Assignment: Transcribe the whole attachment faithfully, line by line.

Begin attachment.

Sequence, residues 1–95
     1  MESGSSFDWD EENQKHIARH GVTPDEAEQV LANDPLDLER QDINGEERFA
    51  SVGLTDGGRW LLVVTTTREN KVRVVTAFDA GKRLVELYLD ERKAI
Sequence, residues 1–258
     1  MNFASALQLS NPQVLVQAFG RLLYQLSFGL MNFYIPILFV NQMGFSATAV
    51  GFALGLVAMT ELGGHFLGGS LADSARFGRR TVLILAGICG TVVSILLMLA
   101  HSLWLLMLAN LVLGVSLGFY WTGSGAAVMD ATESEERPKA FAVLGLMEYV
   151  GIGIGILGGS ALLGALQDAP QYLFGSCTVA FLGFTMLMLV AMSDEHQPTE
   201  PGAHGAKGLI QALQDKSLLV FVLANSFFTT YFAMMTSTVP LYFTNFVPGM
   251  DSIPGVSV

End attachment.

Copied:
Sequence, residues 1–95
     1  MESGSSFDWD EENQKHIARH GVTPDEAEQV LANDPLDLER QDINGEERFA
    51  SVGLTDGGRW LLVVTTTREN KVRVVTAFDA GKRLVELYLD ERKAI
Sequence, residues 1–258
     1  MNFASALQLS NPQVLVQAFG RLLYQLSFGL MNFYIPILFV NQMGFSATAV
    51  GFALGLVAMT ELGGHFLGGS LADSARFGRR TVLILAGICG TVVSILLMLA
   101  HSLWLLMLAN LVLGVSLGFY WTGSGAAVMD ATESEERPKA FAVLGLMEYV
   151  GIGIGILGGS ALLGALQDAP QYLFGSCTVA FLGFTMLMLV AMSDEHQPTE
   201  PGAHGAKGLI QALQDKSLLV FVLANSFFTT YFAMMTSTVP LYFTNFVPGM
   251  DSIPGVSV